Why are some Egyptians pining away for their long-gone king?

King Farouk I of Egypt (1920 - 1965) Image copyright Getty Images
Image caption King Farouk I of Egypt was overthrown in a 1952 revolution - but now some Egyptians are reminiscing about the days of the monarchy

Amid the turmoil and unrest of Egypt today, some are reminiscing about life under the country's last monarch - prompting an online debate about how good the "good old days" really were.

"I'm begging King Farouk not to leave Egypt to the army," an Egyptian tweeted recently - quite an odd plea, as Egypt hasn't had a monarch for more than 60 years. But that message, and thousands like it, were shared in a sort of mass historical role play that pushed the phrase "Tweet as if you're in the 1950s" to the top of Egypt's Twitter charts.

Online, many Egyptians were reminiscing about the days of the monarchy. Farouk I took the throne in 1936, aged just 16 years old. At first he was popular, but his playboy lifestyle soon grated on Egyptians, particularly during the hardships of World War II. A British high commissioner of the era described Farouk as "uneducated, lazy, untruthful, capricious, irresponsible and vain, though with a quick superficial intelligence and charm of manner." His unpopularity contributed to the 1952 revolution that established a republic and eventually installed Gamal Abdel Nasser as leader.

But despite his unpopularity at the time, the sentiment towards Farouk I seems to have changed somewhat in the last few years. A Facebook fan page in his name that was set up in August 2011 has been liked more than 2.2 million times.

"King Farouk was wrongly and unfairly depicted," says Amr Abu Seif, a 40-year-old Egyptian who set up the Facebook page as well as a King Farouk website, which he started in 2007 after he couldn't find any websites dedicated to the Egyptian monarchy.

"I'm very fond of that era," Seif says. "Life was simple and uncomplicated back then."

The beautiful era?

Image copyright Getty Images
Image caption This picture from the mid 1940s showing actor and singer Farid al-Atrash with belly dancer Samia Gamal in Cairo, is typical of Egyptian style at the time - at least for the country's elite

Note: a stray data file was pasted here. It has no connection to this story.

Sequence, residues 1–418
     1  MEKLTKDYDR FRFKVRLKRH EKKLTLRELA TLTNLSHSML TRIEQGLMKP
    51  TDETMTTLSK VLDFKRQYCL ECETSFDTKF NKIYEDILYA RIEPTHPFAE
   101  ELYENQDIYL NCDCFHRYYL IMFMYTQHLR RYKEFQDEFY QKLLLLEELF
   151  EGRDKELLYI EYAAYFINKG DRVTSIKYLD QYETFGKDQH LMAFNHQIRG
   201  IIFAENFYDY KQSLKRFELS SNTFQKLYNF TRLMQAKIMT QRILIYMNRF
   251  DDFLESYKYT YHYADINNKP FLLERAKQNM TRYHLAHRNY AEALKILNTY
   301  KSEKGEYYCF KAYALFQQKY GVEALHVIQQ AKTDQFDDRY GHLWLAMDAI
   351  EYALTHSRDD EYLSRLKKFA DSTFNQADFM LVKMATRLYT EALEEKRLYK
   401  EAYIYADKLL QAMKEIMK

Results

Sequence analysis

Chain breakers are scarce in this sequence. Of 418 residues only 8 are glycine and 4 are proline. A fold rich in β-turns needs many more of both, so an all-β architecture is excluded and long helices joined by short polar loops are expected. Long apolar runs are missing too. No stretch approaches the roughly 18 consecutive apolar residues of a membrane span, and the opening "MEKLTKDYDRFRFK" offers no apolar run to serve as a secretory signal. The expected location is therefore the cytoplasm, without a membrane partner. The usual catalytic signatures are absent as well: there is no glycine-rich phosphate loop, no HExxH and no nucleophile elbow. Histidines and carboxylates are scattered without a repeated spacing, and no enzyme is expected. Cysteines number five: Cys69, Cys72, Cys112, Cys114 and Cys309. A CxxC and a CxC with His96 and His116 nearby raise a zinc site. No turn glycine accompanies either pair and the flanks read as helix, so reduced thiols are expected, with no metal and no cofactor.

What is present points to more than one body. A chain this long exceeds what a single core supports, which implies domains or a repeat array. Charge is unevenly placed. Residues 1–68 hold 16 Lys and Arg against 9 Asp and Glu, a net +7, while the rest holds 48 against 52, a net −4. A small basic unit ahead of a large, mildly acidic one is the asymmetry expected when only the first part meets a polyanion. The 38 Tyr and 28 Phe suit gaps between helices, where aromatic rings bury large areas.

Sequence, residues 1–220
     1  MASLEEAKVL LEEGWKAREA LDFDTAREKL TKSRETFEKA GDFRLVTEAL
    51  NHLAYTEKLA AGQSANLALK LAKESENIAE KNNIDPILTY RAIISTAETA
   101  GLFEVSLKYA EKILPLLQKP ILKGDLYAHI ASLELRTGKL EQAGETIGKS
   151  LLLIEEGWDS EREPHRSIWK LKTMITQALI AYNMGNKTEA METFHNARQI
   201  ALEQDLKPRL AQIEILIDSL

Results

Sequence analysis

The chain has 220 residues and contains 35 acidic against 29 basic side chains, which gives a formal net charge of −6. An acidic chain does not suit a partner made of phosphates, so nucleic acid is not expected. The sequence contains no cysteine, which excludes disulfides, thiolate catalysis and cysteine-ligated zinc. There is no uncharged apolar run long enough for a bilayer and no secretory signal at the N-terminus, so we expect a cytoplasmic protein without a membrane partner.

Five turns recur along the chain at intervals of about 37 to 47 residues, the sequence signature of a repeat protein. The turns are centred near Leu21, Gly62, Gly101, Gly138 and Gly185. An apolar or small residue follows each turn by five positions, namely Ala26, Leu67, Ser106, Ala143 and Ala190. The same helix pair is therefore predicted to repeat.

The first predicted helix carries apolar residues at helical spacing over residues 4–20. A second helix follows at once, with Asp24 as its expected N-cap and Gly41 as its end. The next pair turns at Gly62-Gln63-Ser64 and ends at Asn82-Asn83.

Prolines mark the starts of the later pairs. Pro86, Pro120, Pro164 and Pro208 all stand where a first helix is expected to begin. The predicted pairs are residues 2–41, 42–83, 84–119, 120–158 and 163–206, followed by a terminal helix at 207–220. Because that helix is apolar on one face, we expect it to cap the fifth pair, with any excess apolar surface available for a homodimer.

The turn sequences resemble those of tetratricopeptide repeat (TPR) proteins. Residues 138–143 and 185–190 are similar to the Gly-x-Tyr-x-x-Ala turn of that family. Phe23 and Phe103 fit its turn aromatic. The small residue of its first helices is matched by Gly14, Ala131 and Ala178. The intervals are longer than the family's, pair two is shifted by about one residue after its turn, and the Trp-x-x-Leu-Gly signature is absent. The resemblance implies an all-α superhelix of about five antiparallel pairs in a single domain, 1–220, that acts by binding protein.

The King Farouk page posts praise-laden articles and evocative stories about the Muhammad Ali dynasty, of which Farouk was the last leader. The page also shares many old black and white pictures of King Farouk with his family and images of quiet streets and elegantly dressed people.

Many Egyptians call the time "the beautiful era" and to some the Farouk years mean glamour, class, religious tolerance and a civilised society. But that idealised image bothers many others.

"We are obsessed with that image of elegance and class but that's not all there was to that era," says Egyptian doctor and blogger Nervana Mahmoud, "People will watch the classical films and look at old pictures that show religious tolerance and freedom for women to wear what they want. But that was just serving a niche class of society. There was also injustice and a big gap between the rich and the poor that we conveniently forget about."

Image copyright Getty Images
Image caption This picture of Egyptian water sellers was taken around 1940. Life for many at the time was far from glamorous

Why now?

Mahmoud believes people are retreating into the past to escape the reality of Egypt's present, where bombings and violence are increasingly common, the economy is ailing, and the political system is in turmoil. But, she says, many forget the hardships of the Farouk era. "It's selective nostalgia," she says. "There are Egyptians who are yearning for that era but they forget that there was a price many Egyptians had to pay.

"Until we stop looking at the past through rose-colored glasses, we won't be able to build our future," she says.

But Seif disagrees. "It's not about politics," he argues. "We don't want to bring back the monarchy rule in Egypt, that would be absurd. We're just reminiscing about how good the old days were, and that's just human nature."

Blog by Mai Noman

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